Panama City is sprawling and modern with amazing architecture, stunning tropical vistas, and a lot of history. Panama City also has an alarmingly high stray animal population. With lazy, unkempt dogs visible in every part of the city, I knew there had to be stray cats, but where?
I’d seen a single, sneaky cat in an alley near a grocery, one under a car near the fish market, and a couple of scrappy cats in the old part of the city. But, it wasn’t until our final night that I found the lair.
Grocery, fish market, and apartment dumpster cats in Casco Viejo, Panama City.
We were strolling in the linear park along the Pacific Ocean looking for raspa when I saw a petite, mewing white and calico kitty perched on the seawall, along with at least 20 of her friends! There were feral cats sneaking in the bushes, lurking on the rocks behind the wall, and many just out in the open. They were looking for handouts, endeavoring to be approachable in hopes that someone would toss an edible morsel. Some of the cats were people-friendly and would scruff on someone’s leg or take a pet on the head. Most were dubious, and darted a safe distance away upon being approached.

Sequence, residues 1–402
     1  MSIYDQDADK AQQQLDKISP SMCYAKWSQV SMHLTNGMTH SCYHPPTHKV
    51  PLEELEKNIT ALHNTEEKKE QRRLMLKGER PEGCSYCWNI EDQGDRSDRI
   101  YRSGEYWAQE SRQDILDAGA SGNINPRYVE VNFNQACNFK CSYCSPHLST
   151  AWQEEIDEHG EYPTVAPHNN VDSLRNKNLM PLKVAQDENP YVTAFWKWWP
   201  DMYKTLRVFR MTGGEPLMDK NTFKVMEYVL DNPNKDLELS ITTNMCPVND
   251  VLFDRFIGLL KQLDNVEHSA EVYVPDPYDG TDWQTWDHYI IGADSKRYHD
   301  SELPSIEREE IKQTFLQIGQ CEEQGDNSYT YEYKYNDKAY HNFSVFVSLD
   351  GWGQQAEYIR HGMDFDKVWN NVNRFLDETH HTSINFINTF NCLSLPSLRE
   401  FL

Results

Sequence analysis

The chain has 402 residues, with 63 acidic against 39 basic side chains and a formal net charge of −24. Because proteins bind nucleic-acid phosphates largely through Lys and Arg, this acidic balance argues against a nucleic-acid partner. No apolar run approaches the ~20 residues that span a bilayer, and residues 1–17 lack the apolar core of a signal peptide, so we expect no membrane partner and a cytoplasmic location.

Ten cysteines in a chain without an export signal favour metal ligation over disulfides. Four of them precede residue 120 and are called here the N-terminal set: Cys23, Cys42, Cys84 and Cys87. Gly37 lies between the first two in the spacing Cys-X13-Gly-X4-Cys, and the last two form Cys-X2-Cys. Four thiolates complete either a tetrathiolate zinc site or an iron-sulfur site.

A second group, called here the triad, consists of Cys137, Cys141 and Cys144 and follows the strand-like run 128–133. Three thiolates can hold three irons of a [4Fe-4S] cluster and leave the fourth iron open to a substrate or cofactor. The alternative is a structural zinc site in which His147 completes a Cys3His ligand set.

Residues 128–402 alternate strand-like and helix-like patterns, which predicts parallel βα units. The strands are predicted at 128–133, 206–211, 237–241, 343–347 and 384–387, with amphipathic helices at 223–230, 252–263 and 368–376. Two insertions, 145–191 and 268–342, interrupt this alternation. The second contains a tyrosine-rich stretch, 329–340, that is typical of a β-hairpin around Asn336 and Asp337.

A collection of the sweet, feral cats I bonded with at the marina in Panama City.
I discovered that these cats are part of a managed colony run by kind people at an enormous city marina. When I asked the night guard how many cats he thought lived at the marina, he laughed. Too many to count.
Too many to count. That basically encapsulates the stray population, in general. Too many dogs. Too many cats. A problem that humans created, and are now trying to manage through education and sterilization, while struggling to provide basic food and care for the uncountable.
Drawings in my sketchbook of just a few of the feral cats I met.
And yet, help comes. Of all of the cats I encountered, I could tell they were being fed, as evidenced by piles dry cat food scattered on the pavement. Almost all had a clipped ear, the sign of having been spayed or neutered. A cat here or there needed serious personal grooming, but mostly they seemed adjusted to their lives in the tropics, resting on a seawall, enjoying the cool ocean breeze.